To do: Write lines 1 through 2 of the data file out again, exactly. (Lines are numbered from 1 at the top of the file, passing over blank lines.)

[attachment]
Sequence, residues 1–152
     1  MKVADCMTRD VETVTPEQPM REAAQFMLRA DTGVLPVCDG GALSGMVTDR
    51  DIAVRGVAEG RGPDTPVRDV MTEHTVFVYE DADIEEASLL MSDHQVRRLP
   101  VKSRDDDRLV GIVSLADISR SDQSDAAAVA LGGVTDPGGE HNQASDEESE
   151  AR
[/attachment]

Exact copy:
Sequence, residues 1–152
     1  MKVADCMTRD VETVTPEQPM REAAQFMLRA DTGVLPVCDG GALSGMVTDR